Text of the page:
Just because we have a right to be angry doesn’t mean we are right to be angry

Sometimes, people wrong us by acting foolishly, irresponsibly or treacherously. At such times, we feel angry with them and also feel that our anger is justified.

Still, acting angrily may not be the right thing to do. Why not? Because if we want to sustain any relationship, we need to focus not on claiming our rights, but on considering what is right.

However, anger gives us a deceptive certainty that we are doing the right thing, so we don’t need to consider the consequences of our actions. The heat of anger melts the barricade of our intelligence and leaves us defenseless against the waves of violent impulses rising in our consciousness. Just as anger sabotages our intelligence, it also sabotages others’ intelligence. That’s why if we get angry with others, we increase the chances that they will also get angry with us, thereby escalating a reconcilable difference into a litany of apparently irreconcilable differences. The resulting confrontation may well damage far more things than the thing we were so angrily seeking to protect. Thus does anger backfire. Pertinently, the Bhagavad-gita cautions that anger paves our way to hellish life, in both this world and the next (16.21).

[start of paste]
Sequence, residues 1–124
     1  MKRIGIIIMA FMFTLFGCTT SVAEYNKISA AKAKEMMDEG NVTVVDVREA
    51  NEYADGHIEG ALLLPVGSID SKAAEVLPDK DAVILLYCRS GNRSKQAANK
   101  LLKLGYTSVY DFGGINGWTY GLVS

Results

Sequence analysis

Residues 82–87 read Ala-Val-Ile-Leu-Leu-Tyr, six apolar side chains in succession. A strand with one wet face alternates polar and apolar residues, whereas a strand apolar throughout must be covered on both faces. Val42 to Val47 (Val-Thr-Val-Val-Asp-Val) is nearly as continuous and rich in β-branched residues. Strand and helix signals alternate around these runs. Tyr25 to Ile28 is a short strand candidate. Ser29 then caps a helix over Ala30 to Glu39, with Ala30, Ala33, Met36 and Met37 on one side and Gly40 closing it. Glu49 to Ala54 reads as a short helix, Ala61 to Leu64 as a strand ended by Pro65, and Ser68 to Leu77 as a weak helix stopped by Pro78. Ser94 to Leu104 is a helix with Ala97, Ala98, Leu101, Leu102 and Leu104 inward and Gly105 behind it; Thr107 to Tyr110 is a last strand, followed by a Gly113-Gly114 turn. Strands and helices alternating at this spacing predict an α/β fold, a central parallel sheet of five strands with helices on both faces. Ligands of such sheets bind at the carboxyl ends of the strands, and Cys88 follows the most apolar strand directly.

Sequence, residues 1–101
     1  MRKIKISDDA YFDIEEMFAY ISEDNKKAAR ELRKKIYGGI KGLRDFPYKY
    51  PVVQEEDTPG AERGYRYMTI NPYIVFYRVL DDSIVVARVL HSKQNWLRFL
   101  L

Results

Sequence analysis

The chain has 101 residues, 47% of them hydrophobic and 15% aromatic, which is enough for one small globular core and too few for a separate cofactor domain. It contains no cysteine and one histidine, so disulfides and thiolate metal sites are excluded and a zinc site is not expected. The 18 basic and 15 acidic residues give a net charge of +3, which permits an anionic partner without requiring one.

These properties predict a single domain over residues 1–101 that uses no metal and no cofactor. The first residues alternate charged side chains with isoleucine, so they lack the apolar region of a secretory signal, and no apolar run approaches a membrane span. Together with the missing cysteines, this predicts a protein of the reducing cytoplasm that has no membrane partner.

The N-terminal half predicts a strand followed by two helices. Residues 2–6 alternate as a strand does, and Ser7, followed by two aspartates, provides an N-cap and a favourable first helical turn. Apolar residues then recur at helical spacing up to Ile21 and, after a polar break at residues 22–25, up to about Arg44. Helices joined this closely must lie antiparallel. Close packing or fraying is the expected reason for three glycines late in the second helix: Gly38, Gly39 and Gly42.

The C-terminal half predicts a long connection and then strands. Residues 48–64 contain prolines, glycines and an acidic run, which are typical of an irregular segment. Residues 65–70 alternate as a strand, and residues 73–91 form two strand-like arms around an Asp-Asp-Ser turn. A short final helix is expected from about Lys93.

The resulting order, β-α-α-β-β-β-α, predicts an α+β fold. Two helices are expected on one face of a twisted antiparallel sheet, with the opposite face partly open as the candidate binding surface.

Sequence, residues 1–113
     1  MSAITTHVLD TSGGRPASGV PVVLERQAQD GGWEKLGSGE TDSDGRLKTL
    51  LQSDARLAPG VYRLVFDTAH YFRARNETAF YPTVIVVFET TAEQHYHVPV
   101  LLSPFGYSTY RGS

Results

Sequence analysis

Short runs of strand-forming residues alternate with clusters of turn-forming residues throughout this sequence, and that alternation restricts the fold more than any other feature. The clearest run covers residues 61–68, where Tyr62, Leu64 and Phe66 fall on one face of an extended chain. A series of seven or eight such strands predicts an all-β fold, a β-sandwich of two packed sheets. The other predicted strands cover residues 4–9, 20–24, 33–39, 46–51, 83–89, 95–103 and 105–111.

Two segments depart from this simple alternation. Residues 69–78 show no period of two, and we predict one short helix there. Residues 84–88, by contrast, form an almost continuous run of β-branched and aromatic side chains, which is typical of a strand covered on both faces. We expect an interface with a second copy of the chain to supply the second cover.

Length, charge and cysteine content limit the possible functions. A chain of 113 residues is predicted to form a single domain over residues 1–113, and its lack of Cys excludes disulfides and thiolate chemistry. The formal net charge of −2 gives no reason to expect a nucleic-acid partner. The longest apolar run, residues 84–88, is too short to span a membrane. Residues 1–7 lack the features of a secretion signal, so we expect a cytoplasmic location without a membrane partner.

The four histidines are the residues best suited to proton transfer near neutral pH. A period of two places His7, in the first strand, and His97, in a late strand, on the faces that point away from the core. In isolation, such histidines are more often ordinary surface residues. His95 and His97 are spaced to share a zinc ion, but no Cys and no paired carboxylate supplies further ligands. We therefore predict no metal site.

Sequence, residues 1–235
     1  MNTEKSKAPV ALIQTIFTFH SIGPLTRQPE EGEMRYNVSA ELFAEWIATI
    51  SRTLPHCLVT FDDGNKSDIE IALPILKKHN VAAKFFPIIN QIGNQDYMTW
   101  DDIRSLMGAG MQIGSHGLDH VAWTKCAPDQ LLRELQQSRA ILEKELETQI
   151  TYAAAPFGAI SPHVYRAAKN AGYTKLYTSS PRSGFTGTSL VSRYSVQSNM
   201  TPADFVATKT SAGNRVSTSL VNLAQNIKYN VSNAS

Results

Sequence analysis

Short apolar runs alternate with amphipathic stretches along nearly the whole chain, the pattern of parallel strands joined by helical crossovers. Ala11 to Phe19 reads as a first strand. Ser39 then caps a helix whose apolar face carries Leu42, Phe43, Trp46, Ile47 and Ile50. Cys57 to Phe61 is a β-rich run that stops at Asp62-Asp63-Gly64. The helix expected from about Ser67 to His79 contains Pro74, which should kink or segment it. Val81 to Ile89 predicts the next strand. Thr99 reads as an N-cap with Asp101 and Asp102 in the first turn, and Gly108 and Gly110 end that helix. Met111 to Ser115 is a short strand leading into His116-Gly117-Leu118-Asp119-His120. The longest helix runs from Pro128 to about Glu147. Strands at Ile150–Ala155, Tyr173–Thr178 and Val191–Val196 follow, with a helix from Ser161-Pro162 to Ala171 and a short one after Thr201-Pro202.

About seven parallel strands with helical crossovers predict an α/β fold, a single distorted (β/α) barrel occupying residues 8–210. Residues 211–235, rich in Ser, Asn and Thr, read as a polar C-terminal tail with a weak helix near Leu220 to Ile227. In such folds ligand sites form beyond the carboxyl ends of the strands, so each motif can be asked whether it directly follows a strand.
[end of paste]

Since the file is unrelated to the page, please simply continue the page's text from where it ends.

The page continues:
How can we focus on doing what is right, not on claiming our rights? By using our intelligence to contemplate the best course of action. Just a few moments of contemplation will deter us by showing that acting angrily is the worst course of action.

Moreover, if we strengthen our intelligence by regular scriptural study and spiritual practice, we will make our consciousness stable. Amidst provocative situations, we won’t just get angry, but will prayerfully and purposefully focus on determining our core concern and addressing it in a way that is least aggressive and most effective.

Think it over:

  • How does anger affect our intelligence?
  • How can anger backfire?
  • Do you feel you have a right to be angry with someone? How can you shift your focus to doing what is right?

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1 Comment

  1. ANGER is not the character of STOIC

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